Edited and translated by Dana Cushing
Antimony Media, 2013
Ebook ISBN: 978-0-9892853-0-8
Eleven shiploads of German crusaders from the cities of Lübeck and Bremen departed the Holy Roman Empire in 1189CE, part of Frederick Barbarossa’s crusader army destined for the Holy Land via England, Portugal, and the Mediterranean polities.
Leaving a trail of ships wrecked, towns ruined and shrines visited, this periplus (travelogue) manuscript records the sole surviving eyewitness testimony of early crusader sailing and of the tiny Kingdom of Portugal’s campaign to annex the neighbouring Kingdom of the Algarve by using Europe’s crusader armies to take its capital Silves (Xelb) from the Islamic Emperor of Morocco, a medieval naval superpower called the Almohad (Muwahid) dynasty.
This crusader’s chronicle provides fascinating and accurate detail of medieval travel and warfare, including the devastating human consequences of shipwreck, siege, and invasion that bring the late twelfth century vividly into our minds.
As vicious underground battles are waged by candlelight, and as desperate citizens leap from city walls when death, disease and starvation overwhelm them, Cushing’s insightful analysis of both Christian and Muslim sources – including newly-discovered medieval sources unavailable to previous editors, and modern multidisciplinary research of unparalleled breadth and quality – provides the reader with a well-rounded scholarly study for this dramatic, engaging historical text.
Excerpt from the translation: In the morning [4 September], with a fair amount of decency, the defeated were lead beyond the three gates, and only then did we witness their plight for the first time: They were emaciated and could hardly walk; many were crawling; some were supported by our people; others were lying in the public squares, dead or half-dead; and the stench was enormous, from corpses both of the people and of the livestock in the city. Moreover, the Christian prisoners were being brought out barely gasping: For, as they told us, in four days, one used to have only as much water as an egg-cup could hold [20 mL], and others even less, and also water used to be given to no-one unless he were willing to fight. And each man shared that little bit with [his] wife and children. Nor was bread made, for lack of water, but they ate life-saving figs, and thereby most of the grain was spared. Also the prisoners used to be stripped naked at night, and they laid upon the cold stones, such that they might become damp and survive. The women and children used to eat moist dirt, too. And it is to be noted that, when first we arrived, Silves had 450 captives; but we found barely 200 alive. …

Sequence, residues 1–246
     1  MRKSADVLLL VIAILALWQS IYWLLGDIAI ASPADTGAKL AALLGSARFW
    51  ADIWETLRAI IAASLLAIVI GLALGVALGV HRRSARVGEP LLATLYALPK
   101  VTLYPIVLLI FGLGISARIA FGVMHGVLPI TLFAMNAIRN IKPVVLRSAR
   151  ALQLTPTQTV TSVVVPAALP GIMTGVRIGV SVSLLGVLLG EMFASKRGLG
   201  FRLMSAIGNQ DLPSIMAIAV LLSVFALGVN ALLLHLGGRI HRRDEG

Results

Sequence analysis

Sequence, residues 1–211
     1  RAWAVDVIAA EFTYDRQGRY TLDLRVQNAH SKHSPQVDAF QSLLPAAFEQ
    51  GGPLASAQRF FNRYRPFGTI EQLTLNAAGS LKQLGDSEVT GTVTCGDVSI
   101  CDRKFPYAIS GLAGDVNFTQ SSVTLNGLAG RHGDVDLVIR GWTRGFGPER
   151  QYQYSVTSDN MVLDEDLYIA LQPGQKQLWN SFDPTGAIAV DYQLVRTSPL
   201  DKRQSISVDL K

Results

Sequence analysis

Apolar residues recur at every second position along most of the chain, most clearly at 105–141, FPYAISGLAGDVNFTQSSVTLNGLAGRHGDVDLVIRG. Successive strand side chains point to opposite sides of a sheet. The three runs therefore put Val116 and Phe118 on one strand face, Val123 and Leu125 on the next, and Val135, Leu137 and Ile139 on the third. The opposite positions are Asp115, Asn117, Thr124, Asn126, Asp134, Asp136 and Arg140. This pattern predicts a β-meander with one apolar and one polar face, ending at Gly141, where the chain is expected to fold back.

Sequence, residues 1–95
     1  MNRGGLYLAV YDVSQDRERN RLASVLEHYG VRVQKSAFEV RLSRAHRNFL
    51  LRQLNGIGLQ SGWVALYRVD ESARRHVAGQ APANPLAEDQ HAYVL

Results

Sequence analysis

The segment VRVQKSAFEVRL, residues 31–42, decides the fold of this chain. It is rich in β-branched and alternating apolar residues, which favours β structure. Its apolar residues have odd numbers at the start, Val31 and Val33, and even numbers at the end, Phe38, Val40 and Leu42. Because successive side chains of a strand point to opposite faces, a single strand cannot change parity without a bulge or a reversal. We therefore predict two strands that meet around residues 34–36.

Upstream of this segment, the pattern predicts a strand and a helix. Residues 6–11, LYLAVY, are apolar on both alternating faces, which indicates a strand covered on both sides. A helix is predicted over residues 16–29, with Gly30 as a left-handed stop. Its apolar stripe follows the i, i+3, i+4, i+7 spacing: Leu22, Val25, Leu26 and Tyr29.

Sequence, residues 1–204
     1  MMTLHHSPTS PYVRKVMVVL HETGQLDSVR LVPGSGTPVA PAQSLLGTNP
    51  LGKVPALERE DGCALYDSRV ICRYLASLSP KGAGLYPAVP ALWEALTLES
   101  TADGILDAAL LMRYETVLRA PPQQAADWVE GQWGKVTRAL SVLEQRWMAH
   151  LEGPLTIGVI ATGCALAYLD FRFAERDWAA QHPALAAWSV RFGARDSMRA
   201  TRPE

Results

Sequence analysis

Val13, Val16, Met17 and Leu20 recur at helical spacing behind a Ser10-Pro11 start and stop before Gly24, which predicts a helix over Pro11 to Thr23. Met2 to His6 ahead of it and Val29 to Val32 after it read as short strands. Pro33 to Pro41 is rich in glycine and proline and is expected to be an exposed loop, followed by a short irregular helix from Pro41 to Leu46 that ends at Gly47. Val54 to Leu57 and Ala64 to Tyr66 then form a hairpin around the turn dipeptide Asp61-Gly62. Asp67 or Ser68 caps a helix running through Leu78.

Note that, when first we arrived, our army had only 3500 [combatants] of whatever age or rank – actually, a bit fewer. But the King’s army was large, [comprised] of horsemen, of footmen and of sailors. And with them were religious knights from three Orders: The Templars, the Knights of Jerusalem who bear swords upon their robes, get married, and wage steady war against the Saracens, and yet live according to a Rule. And the Knights of the Cistercian Order, who have this single indulgence – that they eat meat three days in a week, but only once and for one dish when they are at home; but when on a mission, they follow men – whose head is Calatrava in the Castillian realm and Evora in the Portuguese realm, but Calatrava is the mother and Evora the daughter [foundation]. Also, [the warriors] of the Jerusalemites – some were from the Temple, others from the Holy Sepulchre, others from the Hospital – and they each have revenues in that land. The city having been captured, we Franks had the mastery of it, and no-one else was allowed entrance.